I’ve neglected to update the blog for awhile, but I have good reasons. The last two weekends I have been out with classes playing with rocks, and the time between those trips has been packed with exams and labs that have consumed my spare time and sanity. I’ve come to break my silence with a post of pictures from the trip my Structure class took to Baraboo, Wisconsin this past weekend. I have a bunch of pictures from my Volcanology trip the week prior too, but those are more to sort through at the moment. Maybe this weekend.

Anyway, most of the weekend my phone was dead and my phone is what I used to take pictures, so I didn’t get a lot of pictures. I didn’t even get pictures of all the things I wanted to get pictures of (like this really awesome fold we visited). Apart from that, the trip was very busy and rushed due to the need to get strike and dip data everywhere and search for jointing and pressure solutions in the rocks we were surveying, not a whole lot of time for pictures.

These are from our first stop at Larue Quarry and our first introduction to what would dominate our trip, the Baraboo Quartzite.

This is an image from Ableman’s Gorge where the bedding in this quartzite has not only been titled vertically, but they contain beautifully preserved ripple marks.

A short way from Ableman’s Gorge you find the famous Van Hise Rock. Upon this rock you will find all kinds of cool shit (in a worlds colliding kind of way), but my favorite thing were these en echelon vein arrays that could be found throughout.  These sigmoidal structures betray the history of stresses in the rock.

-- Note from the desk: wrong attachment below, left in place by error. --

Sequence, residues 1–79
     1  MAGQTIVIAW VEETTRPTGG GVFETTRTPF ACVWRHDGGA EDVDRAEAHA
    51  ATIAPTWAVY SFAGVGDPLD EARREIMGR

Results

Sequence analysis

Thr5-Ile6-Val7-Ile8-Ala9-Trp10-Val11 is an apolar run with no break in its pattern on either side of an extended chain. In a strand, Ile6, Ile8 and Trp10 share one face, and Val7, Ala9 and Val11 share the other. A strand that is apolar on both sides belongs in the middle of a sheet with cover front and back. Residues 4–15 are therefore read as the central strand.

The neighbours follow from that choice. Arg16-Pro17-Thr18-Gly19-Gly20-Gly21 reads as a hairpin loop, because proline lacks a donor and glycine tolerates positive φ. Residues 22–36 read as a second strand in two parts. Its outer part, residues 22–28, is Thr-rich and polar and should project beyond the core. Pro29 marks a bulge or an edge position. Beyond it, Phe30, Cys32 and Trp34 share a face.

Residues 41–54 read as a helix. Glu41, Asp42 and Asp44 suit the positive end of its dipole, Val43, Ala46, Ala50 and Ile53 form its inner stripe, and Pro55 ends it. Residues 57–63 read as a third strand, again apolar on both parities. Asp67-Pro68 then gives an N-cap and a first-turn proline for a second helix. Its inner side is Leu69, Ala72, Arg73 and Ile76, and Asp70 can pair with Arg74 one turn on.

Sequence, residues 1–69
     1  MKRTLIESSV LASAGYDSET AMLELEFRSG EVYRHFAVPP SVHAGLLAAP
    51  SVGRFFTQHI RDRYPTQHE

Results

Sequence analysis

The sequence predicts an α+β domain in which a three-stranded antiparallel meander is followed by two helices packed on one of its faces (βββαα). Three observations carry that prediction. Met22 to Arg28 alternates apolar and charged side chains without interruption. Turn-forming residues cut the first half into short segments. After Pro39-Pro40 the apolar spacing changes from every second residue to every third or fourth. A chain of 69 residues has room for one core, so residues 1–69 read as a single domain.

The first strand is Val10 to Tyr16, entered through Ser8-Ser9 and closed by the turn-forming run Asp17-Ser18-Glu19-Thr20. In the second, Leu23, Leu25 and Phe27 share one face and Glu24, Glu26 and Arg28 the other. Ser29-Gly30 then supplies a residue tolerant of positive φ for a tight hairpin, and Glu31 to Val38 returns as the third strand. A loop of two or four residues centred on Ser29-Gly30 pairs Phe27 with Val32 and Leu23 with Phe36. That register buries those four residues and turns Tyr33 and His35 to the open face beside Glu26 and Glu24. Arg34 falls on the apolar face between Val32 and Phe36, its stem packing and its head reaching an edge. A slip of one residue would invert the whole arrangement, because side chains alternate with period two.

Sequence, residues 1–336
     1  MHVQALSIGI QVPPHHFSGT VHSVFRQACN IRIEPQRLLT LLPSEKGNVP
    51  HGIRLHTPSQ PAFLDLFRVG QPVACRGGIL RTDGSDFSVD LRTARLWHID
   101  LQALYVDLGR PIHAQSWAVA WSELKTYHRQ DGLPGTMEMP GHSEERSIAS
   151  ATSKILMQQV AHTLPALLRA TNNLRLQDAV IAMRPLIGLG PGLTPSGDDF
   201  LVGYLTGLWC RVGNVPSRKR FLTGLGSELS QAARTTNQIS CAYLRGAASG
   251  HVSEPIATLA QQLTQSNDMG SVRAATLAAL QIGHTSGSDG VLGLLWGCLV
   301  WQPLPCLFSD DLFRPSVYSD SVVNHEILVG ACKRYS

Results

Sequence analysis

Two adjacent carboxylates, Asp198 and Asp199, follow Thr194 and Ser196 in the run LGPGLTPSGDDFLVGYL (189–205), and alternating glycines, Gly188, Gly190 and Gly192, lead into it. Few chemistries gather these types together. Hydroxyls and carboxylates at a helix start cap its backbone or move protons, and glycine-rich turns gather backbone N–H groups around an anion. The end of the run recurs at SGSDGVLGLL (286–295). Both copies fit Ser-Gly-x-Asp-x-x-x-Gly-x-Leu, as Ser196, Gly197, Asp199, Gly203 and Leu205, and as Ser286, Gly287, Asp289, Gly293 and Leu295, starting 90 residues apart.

These were taken in a road outcrop that exhibited amazing crenulations. This was my first time seeing something like this in person and they’re pretty incredible. They look like Da Vinci paintings with no subject.

At the same outcrop you find these foliations with a sigmoidal shape. These were formed as the block above this layer moved to the right (and slightly into the screen) and the one below to the left (and out of the screen).

Here, once again at the same outcrop, we find ripple marks spectacularly preserved in the quartzite.

In the cliffs above Devil’s Lake you will find this feature; an unconformity that represents 1.1 billion years of missing time.

… and finally, our fearless leader talking about the history of Devil’s Lake. A man both loved and hated during the trip. Good dude.


Random thoughts on Volcanology 2

Yesterday while trying to circumvent DRM, I accidentally my whole computer. So I spent all day yesterday backing up data and reinstalling Windows XP (I have XP on my PC and 7 on my netbook). I wanted to spend my time this weekend studying for my Volcanology and Structure exams, but as I’ll be out of town with those classes the next two weekends, this was my only chance to fix it. Given that my Volcanology exam is tomorrow morning, I think it’s time for another edition of random thoughts on Volcanology!

This section of the class was a little on the boring side I must say. We spent alot of time talking about pyroclastic flow deposits, which sound cool, but at the end of  the day, aren’t the most interesting thing one studies in a class about volcanoes.